Hi, I'm Mike Zamore, Senator Jeff Merkley's chief of staff. I want to share some good news: The Senate stands at the edge of finally breaking through the gridlock plaguing President Obama's executive nominees.Preparing for this meeting, Senator Merkley sent to his colleagues last week where he reminds them of times when the Senate used the nuclear option:
Tomorrow, the Senate is scheduled to vote to break Republican filibusters on seven nominees for critical positions. If Republican Senators continue to block any of them, Leader Reid is prepared to change Senate rules so that the minority is no longer able to block votes on executive branch nominees. He is confident he has at least 51 votes. We have reached this point because of your tireless support of Senator Merkley's fight to fix the broken Senate by changing the filibuster rules. You have helped turn this from a lonely crusade to a national movement.
Right now, the entire U.S. Senate -- Democrats, Republicans, and Independents -- is gathered in an historic closed-door Senators-only meeting in the Old Senate Chamber in the Capitol. I'm sure some senators will use tonight's meeting to try to strike another "Gang of X" compromise -- some kind of gentlemen's agreement to avoid a rules change in exchange for a promise of better behavior. But the time for gentlemen's agreements is over. A bipartisan re-examination of the rules would be welcome, but the promise of more discussion cannot substitute for action on these nominees now. It's time to make the Senate work for the American people, not the special interests.
To change the filibuster rules tomorrow, the Senate would vote that its interpretation of its own rules mean that executive branch nominees are not subject to a supermajority vote to end debate. Because the Senate is the final arbiter of its own rules, that new precedent would stand. Senator Mitch McConnell is fond of saying that this would be "breaking the rules to change the rules." Of course, he supported using this procedure on judicial nominations during the Bush Administration. The fact is, changing the rules by reinterpreting the rules is common. Since 1977, the Senate has used a simple majority to change its rules in this manner 18 times.
Senator Merkley has been working closely with Leader Reid and his colleagues to make the case that the time to take this step has come again. Make no mistake: Senate Republicans have worked to systematically cripple our progressive agenda by blocking the President's nominees from even receiving a vote. They are trying to prevent the federal government from effectively enforcing laws holding polluters accountable, protecting working families from predatory financial practices, and policing labor law so employees get a fair shake in the workplace. Instead of trying to win the next election or change laws they don't like, they're trying to undo the effect of the last election and deny the President the right to hire the team he wants.
We're way beyond any founder's notion of "advise and consent." Senator Merkley has proposed rules changes, including this one, that he would be comfortable living with in the minority and that respect the traditions and role of the Senate. The fact is, the unprecedented change to the Senate has already happened -- rules changes are needed to restore the Senate's traditional role, so it can be responsive to the public and to our country's need for solutions.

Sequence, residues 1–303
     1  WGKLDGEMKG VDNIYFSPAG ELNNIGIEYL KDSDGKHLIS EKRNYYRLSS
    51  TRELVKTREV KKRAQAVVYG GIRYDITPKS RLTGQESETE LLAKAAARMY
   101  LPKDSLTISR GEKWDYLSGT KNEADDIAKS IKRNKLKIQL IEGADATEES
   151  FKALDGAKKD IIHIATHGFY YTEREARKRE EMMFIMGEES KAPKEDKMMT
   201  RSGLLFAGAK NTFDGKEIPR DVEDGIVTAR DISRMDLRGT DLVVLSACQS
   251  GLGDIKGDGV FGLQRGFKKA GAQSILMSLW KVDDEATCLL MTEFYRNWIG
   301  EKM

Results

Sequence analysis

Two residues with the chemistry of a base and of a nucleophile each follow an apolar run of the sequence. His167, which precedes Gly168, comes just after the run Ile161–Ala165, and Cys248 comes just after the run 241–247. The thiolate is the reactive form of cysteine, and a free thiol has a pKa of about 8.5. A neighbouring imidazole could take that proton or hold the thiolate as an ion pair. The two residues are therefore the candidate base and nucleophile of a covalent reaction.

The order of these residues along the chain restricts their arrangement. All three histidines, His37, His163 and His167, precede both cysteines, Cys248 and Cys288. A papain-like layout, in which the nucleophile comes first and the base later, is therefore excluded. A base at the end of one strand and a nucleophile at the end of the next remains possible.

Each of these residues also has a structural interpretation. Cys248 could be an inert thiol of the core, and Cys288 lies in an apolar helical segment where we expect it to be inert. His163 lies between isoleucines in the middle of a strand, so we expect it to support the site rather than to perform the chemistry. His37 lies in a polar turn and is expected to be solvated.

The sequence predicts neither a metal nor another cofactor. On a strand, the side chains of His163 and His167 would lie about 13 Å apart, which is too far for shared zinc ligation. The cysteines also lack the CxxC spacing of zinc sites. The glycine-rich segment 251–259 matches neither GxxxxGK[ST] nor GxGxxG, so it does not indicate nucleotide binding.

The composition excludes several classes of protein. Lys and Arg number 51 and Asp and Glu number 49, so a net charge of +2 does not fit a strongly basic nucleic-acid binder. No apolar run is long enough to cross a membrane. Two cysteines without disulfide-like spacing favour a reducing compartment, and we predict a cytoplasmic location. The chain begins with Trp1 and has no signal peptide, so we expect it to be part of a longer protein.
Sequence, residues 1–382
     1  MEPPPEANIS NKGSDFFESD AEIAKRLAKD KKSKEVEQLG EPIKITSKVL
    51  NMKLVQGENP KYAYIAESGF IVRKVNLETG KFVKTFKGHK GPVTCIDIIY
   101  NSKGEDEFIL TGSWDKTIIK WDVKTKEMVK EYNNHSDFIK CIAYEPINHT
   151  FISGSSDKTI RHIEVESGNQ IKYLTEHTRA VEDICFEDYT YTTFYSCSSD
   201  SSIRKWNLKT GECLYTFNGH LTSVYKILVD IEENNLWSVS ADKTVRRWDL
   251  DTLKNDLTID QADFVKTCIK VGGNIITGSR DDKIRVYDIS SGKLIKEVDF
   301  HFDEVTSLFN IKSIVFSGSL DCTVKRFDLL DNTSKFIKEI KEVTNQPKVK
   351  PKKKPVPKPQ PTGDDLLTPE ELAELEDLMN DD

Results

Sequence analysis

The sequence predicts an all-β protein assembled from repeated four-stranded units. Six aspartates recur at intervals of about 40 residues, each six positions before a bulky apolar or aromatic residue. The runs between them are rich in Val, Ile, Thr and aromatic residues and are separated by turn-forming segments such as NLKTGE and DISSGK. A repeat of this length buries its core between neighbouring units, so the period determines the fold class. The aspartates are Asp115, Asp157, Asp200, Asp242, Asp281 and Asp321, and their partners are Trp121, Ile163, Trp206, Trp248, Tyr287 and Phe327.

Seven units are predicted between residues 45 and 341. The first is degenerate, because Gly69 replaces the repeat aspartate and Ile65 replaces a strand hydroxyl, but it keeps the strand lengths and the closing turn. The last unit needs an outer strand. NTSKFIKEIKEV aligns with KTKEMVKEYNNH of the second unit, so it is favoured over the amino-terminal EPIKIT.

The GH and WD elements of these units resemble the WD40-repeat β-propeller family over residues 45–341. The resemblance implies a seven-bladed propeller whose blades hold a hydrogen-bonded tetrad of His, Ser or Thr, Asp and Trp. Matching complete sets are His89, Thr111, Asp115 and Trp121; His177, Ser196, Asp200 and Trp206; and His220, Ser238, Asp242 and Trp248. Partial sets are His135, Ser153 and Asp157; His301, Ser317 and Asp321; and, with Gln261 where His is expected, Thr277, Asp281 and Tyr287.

All my best,
Merkley goes on to name several occasions of the Senate's use of the nuclear option which you can read here:The notion that changing Senate procedure with a simple majority vote is ‘changing the rules by breaking the rules’ is an absolute falsehood. As a Republican Policy Memo put it in 2005 (during the Republicans’ attempt to institute the same procedural change for judicial nominees that is currently under consideration for executive nominees):
The Senate has always had, and repeatedly has exercised, this constitutional option. The majority’s authority is grounded in the Constitution, Supreme Court case law, and the Senate’s past practices….An exercise of the constitutional option under the current circumstances would be an act of restoration – a return to the historical and constitutional confirmation standard of simple-majority support for all judicial nominations.
Indeed, the Senate appears to have changed its procedures by simple majority (by voting to sustain or overturn a ruling of the Presiding Officer, the precise procedure under consideration today) 18 times since 1977, an average of once every other year.The most relevant example for our current debate comes from March 5 1980, when Majority Leader Byrd used the exact same procedure to eliminate filibusters on motions to proceed to nominations. The Presiding Officer ruled that Rule XXII and precedents under it allowed debate (and therefore filibusters) against motions to proceed to specific nominations, but Senator Byrd appealed the ruling and it was overturned on a 38-54 vote.
Majority Leader Byrd also established new rules by simple-majority vote that were in direct contradiction to the plain language of the written Standing Rules of the Senate. On November 9 1979, he established a requirement that the Presiding Officer rule on questions of germaneness when a point of order against legislations on appropriations bills is raised. Rule XVI clearly requires that the Presiding Officer submit such questions to the Senate without ruling, but Senator Byrd asserted a point of order that the Presiding Officer should not submit the question to the Senate in certain circumstances. The Presiding Officer sustained the ruling. It was appealed but the ruling was sustained by a vote of 44-40.
Thank you all for continuing to put pressure on Senate Majority Leader Reid and several Democrats. Please do keep leaving messages and contact your Senator tomorrow morning and tell them to go nuclear: